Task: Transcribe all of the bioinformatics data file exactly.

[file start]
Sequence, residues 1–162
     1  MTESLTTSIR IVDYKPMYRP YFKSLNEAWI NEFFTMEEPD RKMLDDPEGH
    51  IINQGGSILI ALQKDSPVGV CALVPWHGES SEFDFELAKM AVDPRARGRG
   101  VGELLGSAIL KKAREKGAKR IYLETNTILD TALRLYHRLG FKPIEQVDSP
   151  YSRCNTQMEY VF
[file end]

Sequence, residues 1–162
     1  MTESLTTSIR IVDYKPMYRP YFKSLNEAWI NEFFTMEEPD RKMLDDPEGH
    51  IINQGGSILI ALQKDSPVGV CALVPWHGES SEFDFELAKM AVDPRARGRG
   101  VGELLGSAIL KKAREKGAKR IYLETNTILD TALRLYHRLG FKPIEQVDSP
   151  YSRCNTQMEY VF